Since independence in 1965, the Singapore government has established a strongly mandated education policy with an English-first and official mother tongue Mandarin-second bilingualism. A majority of local-born Chinese have inclined toward a Western rather than Chinese identity, with some scholars regarding English as Singapore’s “new mother tongue.” Other research has found a more local identity built on Singlish, a localized form of English which adopts expressions from the ethnic mother tongues. However, a re-emergent China and new waves of mainland migrants over the past two decades seem to have strengthened Chinese language ideologies in the nation’s linguistic space. This article revisits the intriguing relationships between language and identity through a case study of Chineseness among young ethnic Chinese Singaporeans. Guided by a theory of identity and investment and founded on survey data, it investigates the Chinese language ideologies of university students and their agency in choosing for themselves a Chinese imagined identity and community. Our survey found that ethnic Chinese Singaporean university students still possess a strong affinity for Mandarin and a desire to develop this aspect of their identity, in the context of Singapore’s multiracial national identity. There exists a high propensity for imagined futures in Chineseness, with a majority of survey respondents who claimed English-speaking and bilingual identities also expressing the desire to become more bilingual and more Mandarin-speaking. This paper also deciphers the external and internal factors contributing to this development and suggests some areas of future research.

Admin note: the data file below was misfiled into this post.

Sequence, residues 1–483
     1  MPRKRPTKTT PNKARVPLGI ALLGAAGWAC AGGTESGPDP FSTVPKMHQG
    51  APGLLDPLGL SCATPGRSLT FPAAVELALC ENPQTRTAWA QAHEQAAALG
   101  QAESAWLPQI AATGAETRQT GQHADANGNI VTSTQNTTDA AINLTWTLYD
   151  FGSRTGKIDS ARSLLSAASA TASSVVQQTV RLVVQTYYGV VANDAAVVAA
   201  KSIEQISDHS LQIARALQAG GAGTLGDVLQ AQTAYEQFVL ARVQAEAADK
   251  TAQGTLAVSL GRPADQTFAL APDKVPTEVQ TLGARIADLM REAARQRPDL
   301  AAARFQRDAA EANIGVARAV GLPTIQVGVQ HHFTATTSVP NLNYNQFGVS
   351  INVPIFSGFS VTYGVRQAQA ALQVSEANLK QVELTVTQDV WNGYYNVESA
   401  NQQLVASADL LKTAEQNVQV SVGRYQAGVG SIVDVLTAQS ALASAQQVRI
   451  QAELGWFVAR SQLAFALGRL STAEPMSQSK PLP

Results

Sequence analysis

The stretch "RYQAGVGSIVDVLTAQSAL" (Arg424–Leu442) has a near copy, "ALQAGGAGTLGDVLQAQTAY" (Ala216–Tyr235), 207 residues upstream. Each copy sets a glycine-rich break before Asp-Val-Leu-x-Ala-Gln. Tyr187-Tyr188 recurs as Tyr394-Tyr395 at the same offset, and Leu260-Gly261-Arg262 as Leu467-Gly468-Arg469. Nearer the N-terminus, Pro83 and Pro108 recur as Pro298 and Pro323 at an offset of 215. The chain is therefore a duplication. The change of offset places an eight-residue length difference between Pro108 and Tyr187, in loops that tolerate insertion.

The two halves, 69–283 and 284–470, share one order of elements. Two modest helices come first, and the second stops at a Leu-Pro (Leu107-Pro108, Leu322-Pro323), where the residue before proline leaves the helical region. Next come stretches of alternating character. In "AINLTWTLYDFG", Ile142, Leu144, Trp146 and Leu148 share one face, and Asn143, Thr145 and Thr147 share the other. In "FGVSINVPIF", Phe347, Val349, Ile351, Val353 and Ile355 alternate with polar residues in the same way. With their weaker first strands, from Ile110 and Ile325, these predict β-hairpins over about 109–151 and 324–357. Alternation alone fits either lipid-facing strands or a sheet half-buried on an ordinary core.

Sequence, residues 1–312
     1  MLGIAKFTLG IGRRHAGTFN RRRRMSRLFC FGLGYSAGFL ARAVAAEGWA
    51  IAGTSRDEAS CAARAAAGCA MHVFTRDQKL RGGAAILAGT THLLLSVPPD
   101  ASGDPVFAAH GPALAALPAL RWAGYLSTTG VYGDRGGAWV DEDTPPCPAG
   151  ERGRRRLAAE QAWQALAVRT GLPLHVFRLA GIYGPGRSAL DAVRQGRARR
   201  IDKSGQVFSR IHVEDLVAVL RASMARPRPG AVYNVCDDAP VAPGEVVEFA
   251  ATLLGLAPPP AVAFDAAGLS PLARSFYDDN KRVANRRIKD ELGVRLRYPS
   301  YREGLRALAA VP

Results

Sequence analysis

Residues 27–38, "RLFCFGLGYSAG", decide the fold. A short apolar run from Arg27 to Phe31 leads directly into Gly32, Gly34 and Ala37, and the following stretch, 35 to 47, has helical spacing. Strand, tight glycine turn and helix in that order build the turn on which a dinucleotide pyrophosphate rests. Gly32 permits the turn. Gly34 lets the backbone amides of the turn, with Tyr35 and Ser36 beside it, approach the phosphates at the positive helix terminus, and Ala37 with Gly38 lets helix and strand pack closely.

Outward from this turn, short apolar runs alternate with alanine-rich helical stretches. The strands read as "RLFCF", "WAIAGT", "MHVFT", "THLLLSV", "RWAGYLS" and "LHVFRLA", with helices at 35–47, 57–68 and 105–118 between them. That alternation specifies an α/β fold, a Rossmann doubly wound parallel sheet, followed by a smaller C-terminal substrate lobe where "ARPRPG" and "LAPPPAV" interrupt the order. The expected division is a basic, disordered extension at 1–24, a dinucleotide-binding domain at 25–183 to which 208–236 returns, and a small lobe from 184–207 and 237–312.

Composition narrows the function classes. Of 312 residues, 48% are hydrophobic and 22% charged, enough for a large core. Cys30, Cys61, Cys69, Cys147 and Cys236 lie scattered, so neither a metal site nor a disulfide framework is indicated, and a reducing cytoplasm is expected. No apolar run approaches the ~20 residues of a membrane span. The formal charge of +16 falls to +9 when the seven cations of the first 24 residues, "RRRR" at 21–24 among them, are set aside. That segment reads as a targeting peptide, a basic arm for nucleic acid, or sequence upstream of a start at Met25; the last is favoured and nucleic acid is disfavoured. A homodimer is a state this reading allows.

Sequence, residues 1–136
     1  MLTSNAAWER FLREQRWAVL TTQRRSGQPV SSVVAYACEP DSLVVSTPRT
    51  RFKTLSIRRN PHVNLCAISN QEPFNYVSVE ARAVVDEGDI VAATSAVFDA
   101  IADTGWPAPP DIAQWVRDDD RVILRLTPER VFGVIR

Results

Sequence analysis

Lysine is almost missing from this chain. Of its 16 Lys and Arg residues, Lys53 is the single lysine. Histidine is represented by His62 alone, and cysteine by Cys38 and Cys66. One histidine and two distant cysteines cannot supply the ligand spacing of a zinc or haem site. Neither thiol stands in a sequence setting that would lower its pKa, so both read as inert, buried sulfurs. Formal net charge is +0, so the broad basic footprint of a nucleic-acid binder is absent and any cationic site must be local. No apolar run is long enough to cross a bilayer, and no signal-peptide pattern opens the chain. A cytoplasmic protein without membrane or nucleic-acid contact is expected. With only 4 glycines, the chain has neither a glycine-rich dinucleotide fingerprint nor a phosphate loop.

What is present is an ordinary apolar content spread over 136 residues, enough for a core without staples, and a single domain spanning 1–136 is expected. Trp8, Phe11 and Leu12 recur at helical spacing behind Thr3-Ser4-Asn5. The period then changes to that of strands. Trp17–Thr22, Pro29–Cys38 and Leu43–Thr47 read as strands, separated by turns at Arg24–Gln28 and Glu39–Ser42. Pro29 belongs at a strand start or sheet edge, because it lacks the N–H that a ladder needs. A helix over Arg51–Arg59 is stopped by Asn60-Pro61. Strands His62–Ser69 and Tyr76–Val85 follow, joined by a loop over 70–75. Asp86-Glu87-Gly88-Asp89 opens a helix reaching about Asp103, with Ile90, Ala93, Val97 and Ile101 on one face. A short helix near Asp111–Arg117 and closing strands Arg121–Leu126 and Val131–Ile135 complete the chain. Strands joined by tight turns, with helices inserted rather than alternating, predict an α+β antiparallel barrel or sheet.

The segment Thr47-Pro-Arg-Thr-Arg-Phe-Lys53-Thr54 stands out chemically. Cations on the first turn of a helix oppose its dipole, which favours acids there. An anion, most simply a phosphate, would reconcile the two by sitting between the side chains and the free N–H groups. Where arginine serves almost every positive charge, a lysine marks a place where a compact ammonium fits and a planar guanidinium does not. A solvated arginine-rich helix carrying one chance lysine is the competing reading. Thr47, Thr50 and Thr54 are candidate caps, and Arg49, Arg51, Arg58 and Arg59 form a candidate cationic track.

The goal of this research is to explore the acculturation and adaptation factors that are likely to predict the level of loneliness among Chinese migrants residing in Portugal. The sample is constituted by one hundred and eighty-nine participants (25 percent women and 75 percent men) with an average age of 29 years. The average length of sojourn was 8 years. We used the ULS-6 scale to assess loneliness. Other instruments were utilized to evaluate ethnic identity, perceived discrimination, mental health, sociocultural adaptation, and tolerance. In agreement with expectations, ethnic identity negatively predicted loneliness, and perceived discrimination positively predicted loneliness. Lastly, sociocultural adaptation and tolerance negatively predicted loneliness, and mental health problems positively predicted loneliness. The adaptation factors predicted 60 percent of the variance in loneliness. Implications of these findings for reducing migrants’ loneliness are considered.